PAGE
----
medicine, to enter the school and7
spend a great deal of time need-
lessly in the pursuit of studies for
which they will have no later use.+
Together with this realization,
the Medical school has found it
necessary for some time now to
limit its enrollment. Admission to
the school has thus become a semi-}
competitive matter. As a means
towards insuring the Medical
school that it will receive only thel
most qualified of its applicants, the+
Board of Regents have approved
the appointment of a Counsellor of
Premedical students. At the re-
quest of Dean Cabot of the Medi-
cal school, Mr. Harvey Emery has
been appointed to the post.
It will be his task to meet with
each premedical student, discuss
his individual problems, and try
to assist in their solution. He is
to be in touch with the various
facultes concerned and to be fam-
iliar with the requirements of the
various Medical schools.
In view of the fact that his office'
may be able to throw light on some]
of the problems of the UniversityI
college when it begins to function
next year, and because of the quite1
evident assistance which a pre-I
medical counsellor should be able
to give to a large number of stu-
dents, the new office may wellc
assume a position of genuine serv-1
ice to the University and its stu-
dent body.c

** *
This evening Play Production,
under the direction of Valentine B.
Windt, will produce, for laboratory
purposes only, Rachel Crothers'
railroad comedy, "The Little
The story in brief has to do with
the love affair of a certain young
city-bred girl, on her way from
New York to the far West to live
with some kind of an aunt. She
is poor. Her New York lover is
poor. Consequently and in spite
of the romantic conventions, they
part in the first act. Three days
out of New York there is a train
wreck. A hero saves the girl's life.
The emotional shock makes the
rest of the passengers think of God
-with the natural result of hys-
teria. The scene.changes, the pas-
sengers get religion in the desert,
there is no mail robbery-as there
really should be-and the girl mar-
ries her saviour.
The richness of the character
parts makes the play admirable for
casting experiments.
R. L. A.
* * *
The Barrymores' great New York
success, "The Jest," by Sem Benelli
is the Detroit Civic Theater presen-
tation for the next two weeks,
having opened Monday night, with
George Blackwood, Craig Ward, and
Miriam Sears in the leading roles,
and Vera Allen and Walter Sher-
win in prominent parts.
This thrilling and challenging
drama is the most famous and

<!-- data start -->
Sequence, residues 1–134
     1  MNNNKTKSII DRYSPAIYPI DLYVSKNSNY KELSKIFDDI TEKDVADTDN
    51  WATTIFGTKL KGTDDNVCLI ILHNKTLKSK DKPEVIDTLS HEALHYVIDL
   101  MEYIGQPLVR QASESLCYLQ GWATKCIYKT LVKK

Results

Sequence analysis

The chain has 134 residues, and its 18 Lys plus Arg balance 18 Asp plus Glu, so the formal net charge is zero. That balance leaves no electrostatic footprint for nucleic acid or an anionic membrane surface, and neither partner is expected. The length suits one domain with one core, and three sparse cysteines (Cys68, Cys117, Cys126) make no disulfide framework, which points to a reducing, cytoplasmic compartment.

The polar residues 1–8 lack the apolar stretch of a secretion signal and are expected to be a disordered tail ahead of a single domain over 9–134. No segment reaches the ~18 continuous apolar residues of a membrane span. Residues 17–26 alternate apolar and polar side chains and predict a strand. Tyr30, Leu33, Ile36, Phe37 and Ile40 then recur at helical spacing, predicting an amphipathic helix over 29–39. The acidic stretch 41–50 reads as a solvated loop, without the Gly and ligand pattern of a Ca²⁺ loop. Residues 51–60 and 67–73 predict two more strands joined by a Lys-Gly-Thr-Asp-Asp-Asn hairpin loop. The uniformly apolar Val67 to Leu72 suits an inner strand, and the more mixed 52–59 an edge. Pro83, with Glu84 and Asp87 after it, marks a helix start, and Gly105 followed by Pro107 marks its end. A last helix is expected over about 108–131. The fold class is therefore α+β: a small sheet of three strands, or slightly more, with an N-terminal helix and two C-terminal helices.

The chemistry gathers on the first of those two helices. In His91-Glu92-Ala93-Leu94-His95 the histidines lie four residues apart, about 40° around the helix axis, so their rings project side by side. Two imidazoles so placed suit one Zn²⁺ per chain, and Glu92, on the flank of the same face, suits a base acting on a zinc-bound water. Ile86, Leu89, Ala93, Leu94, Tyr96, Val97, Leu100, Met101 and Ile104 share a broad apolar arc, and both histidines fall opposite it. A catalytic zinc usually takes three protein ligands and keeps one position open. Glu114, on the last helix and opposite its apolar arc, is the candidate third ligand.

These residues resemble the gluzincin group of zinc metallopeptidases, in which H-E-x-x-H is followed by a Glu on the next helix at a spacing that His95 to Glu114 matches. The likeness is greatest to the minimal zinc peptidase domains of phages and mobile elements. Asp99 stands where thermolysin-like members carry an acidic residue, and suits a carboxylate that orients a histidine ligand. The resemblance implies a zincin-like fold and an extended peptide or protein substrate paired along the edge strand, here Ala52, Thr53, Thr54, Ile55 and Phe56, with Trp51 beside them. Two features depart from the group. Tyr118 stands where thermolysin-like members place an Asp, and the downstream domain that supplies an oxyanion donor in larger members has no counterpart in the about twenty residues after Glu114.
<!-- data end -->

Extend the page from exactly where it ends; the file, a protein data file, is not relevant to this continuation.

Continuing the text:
most popular of modern Italian
plays, being first produced in New
York with John and Lionel Barry-
more, and later with Basil Sidney
at the Plymouth Theater, where
it won tremendous applause. Since
its first appearance in Rome in
1909 it has never been out of pro-
duction in Italy, and as a stage
vehicle for Sarah Bernhardt it was
produced with great success in
Paris. The Civic Theater produc-
tion affords an exceptional oppor-
tunity to see the play, which has
never toured in America and which
will not be shown again in Detroit
for a number of years, as it is an
expensive and scenically gorgeous
Thrilling drama, lightning plays
of humor, scenes of passionate
hate and tender love, make up the

Victor Kolar, Conducting

admitted free.

in charge

of their teachers

will be

Edith Rhetts, Lecturer

ADUL TS may purchase tickets at the School of Music at
5Oc each.


There is one very decided virtue
in the way that Konrad Bercovici
has handled the sketches in his
new book, "Nights Abroad."* And
that virtue is that he has dealt
more with the people that he saw
and heard about-people hidden
away in the corners of the Contin-
ent who vivified the life and the
ideals of the country-than with
mere incidents of travel and typi-
cal sightseeing. There is much of
the personal, a little of the whim-
sical, and more that is highly in-
triguing in this work.
Bercovici is a master of the fine
art of drawing a picture with
words-colored, swift-moving, fas-
cinating words. His descriptions
sparkle and the narration moves
with never a hitch until the picture
is completed. Real people move in
and out of the sketches, people who
live and move and have their be-
ing in the atmosphere which this
author knows so well and senses
so accurately. There is never a dull
moment'in this book, or a moment
when one says, "I've heard that be-
fore." Here is a man who has
"done" the continent in the style'
of a master and has taken from it
the best that it had to offer-
pleasant contacts and associations
with people and places and things.
"Havana" is a fascinating bit of
a sketch which is almost a short
story and yet retains all of the
color and the personality which
Bercovici has injected into every
line of this book. The girl is the
girl that lived across the alley, the
girl we saw from the tram that
bright fall afternoon, the girl at
whom we made eyes throughout
the whole performance of "Porgy."
She is alive, vibrant and individual.
This is indeed a fascinating book
for those who like the unusual the

Victor Kolar, Conducting

Vladimir Horowitz, Pianist

Patrons are requested to come on time as the doors will be closed
during numbers; and also to detach before leaving home and present
for admission Coupon No. 3, reading "Horowitz."







/ ,

YOU'LL find that Kellogg's Pep
Bran Flakes are better bran cakes.
There's nothing like that peppy
flavor of PEP or that unusual
Try these better bran flakes.
You get the nourishment from the
wheat. Just enough bran to be
mildly laxative. Order some today
at your campus cafeteria or the-
fraternity restaurant. Made by
Kellogg of Battle Creek.

The mostpopular cereals served
in the dining-rooms of American
colleges, eating clubs and fra-
ternities are made by Kellogg
in Battle Creek. They include
Pep Bran Flakes, ALL-BRAN, Rice
Krispies, Krumbles, Corn Flakes
and Kellogg's Shredded Whole
Wheat Biscuit. Also
Kaffee Hag Coffee
-the coffee that
lets you sleep.